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May 25, 1990.

TERRY ALIRES, Appellant.

The opinion of the court was delivered by

Terry Alires was convicted after a jury trial of one count of aggravated robbery (K.S.A. 21-3427) and one count of kidnapping (K.S.A. 21-3420). He appeals, claiming there was insufficient evidence to support the kidnapping conviction as alleged in the complaint and the trial court erred by not suppressing the identification obtained during an unnecessarily suggestive confrontation.

On October 13, 1988, at approximately 9:30 p.m., a female entered a convenience store and ordered the clerk, Carmela R. Frerichs, to open the cash register and to put money into a brown paper bag. To insure cooperation, the female robber raised her arm to reveal a sharp shiny object which Frerichs believed to be a knife. A male accomplice then entered the store. After the male threatened to physically harm the clerk and place her in the

[246 Kan. 636]

      cooler, the female accomplice called the male "Terry" and told him to stop frightening Frerichs.

  At this point in the robbery an elderly male customer entered the store. To hide the fact that a robbery was occurring, the female robber told the clerk to act naturally and to hand over cartons of Marlboros, Kools, and Winston One Hundreds cigarettes. Frerichs was then forced out of the store and instructed to get under a combine in the parking lot. Instead, she climbed up on the combine. After the two robbers drove away, Frerichs returned to the store, activated the alarm, and asked the elderly male customer, William Parrish, to remain with her.

  Officers arrived and obtained descriptions of the robbers and their vehicle. Based on a glimpse, Parrish described the man and woman as either Hispanic or black and the car as white and probably a Chevrolet model. Frerichs described the male as a Hispanic with black feathered-back hair and a mustache, who was shorter than the female. She stated the female was white, had a tattoo, and was wearing large earrings and a tan sweater. She described the car as a white older model with dark color striping — possibly a Mustang. About fifteen minutes after the descriptions were broadcast, a white Rambler occupied by a male and female was stopped by law enforcement officers about two miles into Oklahoma.

  Frerichs was driven by Officer Ralston to the location where the suspects' car had been stopped. At the side of the road, illuminated by police car lights, were two individuals, handcuffed and surrounded by law enforcement officers. As Ralston slowly drove by, Frerichs observed the two suspects through the car window. Frerichs identified both suspects and stated, "I'd recognize that sweater anywhere." Frerichs was then asked to look at an object laying on the ground. She observed a screwdriver on the ground. Frerichs stated the screwdriver "could very well have been the weapon." A later search of Alires' vehicle produced three cartons of cigarettes, one each of Marlboro, Kool, and Winston, along with four packs of Marlboros scattered in the rear of the car, an open bottle of malt liquor, a six-pack of beer, a brown paper sack of coins, an open box of laundry soap, and a wad of small denomination bills.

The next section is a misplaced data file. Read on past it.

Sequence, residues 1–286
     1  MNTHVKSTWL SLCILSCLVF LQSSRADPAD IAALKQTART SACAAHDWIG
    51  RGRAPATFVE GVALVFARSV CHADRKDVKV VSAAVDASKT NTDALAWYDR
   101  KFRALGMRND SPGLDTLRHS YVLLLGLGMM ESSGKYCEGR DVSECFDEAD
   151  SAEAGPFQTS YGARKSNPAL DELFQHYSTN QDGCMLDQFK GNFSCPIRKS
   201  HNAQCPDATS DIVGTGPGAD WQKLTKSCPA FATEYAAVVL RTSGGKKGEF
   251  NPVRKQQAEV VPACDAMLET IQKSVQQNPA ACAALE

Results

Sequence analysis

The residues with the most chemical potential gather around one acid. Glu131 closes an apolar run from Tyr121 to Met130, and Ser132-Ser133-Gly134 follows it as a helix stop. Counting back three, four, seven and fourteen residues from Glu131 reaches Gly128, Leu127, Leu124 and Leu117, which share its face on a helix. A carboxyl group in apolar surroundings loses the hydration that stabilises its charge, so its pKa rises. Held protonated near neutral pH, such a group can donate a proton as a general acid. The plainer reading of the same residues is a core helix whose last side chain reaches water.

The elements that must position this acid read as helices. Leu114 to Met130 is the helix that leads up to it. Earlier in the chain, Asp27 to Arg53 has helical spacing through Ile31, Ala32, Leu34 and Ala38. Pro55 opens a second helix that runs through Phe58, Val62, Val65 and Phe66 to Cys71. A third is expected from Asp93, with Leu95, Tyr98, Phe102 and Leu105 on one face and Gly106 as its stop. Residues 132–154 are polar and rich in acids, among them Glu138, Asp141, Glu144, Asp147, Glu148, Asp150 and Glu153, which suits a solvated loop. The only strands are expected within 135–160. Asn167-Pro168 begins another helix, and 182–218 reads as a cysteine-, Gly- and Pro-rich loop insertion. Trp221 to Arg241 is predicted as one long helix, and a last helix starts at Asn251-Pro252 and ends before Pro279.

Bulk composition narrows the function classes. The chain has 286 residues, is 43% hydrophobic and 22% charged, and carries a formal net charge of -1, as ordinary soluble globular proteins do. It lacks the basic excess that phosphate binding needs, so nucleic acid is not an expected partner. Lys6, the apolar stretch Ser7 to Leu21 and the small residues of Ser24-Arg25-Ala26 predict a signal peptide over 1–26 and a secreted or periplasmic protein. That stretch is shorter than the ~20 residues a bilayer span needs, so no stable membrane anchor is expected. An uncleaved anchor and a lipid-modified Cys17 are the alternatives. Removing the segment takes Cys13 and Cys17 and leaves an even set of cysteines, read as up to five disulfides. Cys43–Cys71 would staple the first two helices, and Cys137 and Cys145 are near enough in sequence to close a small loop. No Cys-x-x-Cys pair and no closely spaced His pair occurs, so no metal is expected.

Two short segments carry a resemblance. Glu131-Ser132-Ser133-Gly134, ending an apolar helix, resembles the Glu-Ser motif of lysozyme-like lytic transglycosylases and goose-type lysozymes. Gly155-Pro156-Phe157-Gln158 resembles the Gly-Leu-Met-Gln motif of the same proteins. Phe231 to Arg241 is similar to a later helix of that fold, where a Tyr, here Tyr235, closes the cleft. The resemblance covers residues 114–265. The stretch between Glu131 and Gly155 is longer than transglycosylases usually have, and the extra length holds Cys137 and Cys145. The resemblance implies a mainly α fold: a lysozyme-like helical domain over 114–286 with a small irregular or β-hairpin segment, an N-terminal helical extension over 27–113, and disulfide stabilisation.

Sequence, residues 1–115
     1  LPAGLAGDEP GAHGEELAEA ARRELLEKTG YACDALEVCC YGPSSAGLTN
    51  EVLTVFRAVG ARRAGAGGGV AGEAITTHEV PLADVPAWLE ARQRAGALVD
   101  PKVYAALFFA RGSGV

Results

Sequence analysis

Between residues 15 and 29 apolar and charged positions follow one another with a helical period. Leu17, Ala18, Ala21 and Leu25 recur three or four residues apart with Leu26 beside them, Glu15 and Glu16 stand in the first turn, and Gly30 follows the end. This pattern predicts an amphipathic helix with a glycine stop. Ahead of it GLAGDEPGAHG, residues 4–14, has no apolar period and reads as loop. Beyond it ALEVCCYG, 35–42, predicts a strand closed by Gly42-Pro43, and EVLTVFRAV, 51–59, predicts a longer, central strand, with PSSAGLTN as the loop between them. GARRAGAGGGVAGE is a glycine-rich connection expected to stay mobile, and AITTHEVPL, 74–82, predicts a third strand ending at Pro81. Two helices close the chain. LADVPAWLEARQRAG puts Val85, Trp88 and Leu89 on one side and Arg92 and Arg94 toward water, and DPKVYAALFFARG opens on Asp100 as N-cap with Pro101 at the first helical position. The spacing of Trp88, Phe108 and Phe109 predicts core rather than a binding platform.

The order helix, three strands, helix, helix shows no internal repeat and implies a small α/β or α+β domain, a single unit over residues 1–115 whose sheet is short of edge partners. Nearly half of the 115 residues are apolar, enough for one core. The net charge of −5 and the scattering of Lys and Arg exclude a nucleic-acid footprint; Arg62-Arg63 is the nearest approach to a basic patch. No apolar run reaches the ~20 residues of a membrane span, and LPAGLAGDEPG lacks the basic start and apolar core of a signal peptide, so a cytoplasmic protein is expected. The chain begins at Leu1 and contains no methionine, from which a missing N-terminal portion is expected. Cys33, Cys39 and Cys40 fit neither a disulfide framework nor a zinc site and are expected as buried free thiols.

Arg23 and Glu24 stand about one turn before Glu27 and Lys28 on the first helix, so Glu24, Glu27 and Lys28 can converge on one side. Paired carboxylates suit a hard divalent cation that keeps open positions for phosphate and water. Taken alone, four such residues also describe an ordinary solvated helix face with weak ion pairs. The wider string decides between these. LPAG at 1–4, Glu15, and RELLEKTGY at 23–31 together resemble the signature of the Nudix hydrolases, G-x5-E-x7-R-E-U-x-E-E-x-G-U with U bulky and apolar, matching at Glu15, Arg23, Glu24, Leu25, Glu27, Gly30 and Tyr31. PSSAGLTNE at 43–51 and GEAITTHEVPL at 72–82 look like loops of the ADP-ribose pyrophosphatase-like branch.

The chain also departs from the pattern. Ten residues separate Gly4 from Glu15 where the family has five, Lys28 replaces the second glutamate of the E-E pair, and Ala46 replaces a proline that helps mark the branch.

[246 Kan. 637]


  At trial, Alires testified that he and his girlfriend left their home in Garden City and drove to Liberal to visit relatives. After obtaining marijuana from a relative, they made several beer stops prior to eating at a truck stop. Shortly after they left the truck stop, the police stopped them. When ordered to throw the car keys out the window, Alires threw the screwdriver he used as a key onto the ground.

  Prior to trial, Alires' motion to suppress the evidence of the arrest scene identification and any in-court identification was denied. At trial, Alires testified that he had not been in the convenience store that night. The jury found Alires guilty of both the kidnapping and aggravated robbery charges. Pursuant to the State's request, Alires was sentenced as a habitual criminal to not less than 30 nor more than 60 years for kidnapping and not less than 30 nor more than 60 years for aggravated robbery, the sentences to run concurrently. Alires appeals.

  K.S.A. 21-3420 provides:
"Kidnapping is the taking or confining of any person, accomplished by force, threat or deception, with the intent to hold such person:
"(a) For ransom, or as a shield or hostage; or
"(b) To facilitate flight or the commission of any crime; or
"(c) To inflict bodily injury or to terrorize the victim or another; or
"(d) To interfere with the performance of any governmental or political function." (Emphasis added.)
  K.S.A. 21-3420(b) describes two distinct methods of perpetrating the crime of kidnapping, i.e., to facilitate flight or the commission of any crime. The complaint charges Alires with kidnapping "to facilitate the commission of a crime." In addition, the jury was also instructed "[t]hat it [the kidnapping] was done with the intent to hold such person to facilitate the commission of any crime." Alires contends that, while the evidence may have shown the kidnapping was done to "facilitate flight," the taking of Frerichs occurred after the robbery was completed; therefore, the evidence introduced at trial was insufficient for a conviction of kidnapping to "facilitate the robbery." If the evidence introduced at trial does not support a conviction of the offense charged in the complaint, an accused cannot be found guilty of some other offense neither charged in the complaint nor instructed to the jury. State v. Houck, 240 Kan. 130, 136, 727 P.2d 460 (1986).

[246 Kan. ...

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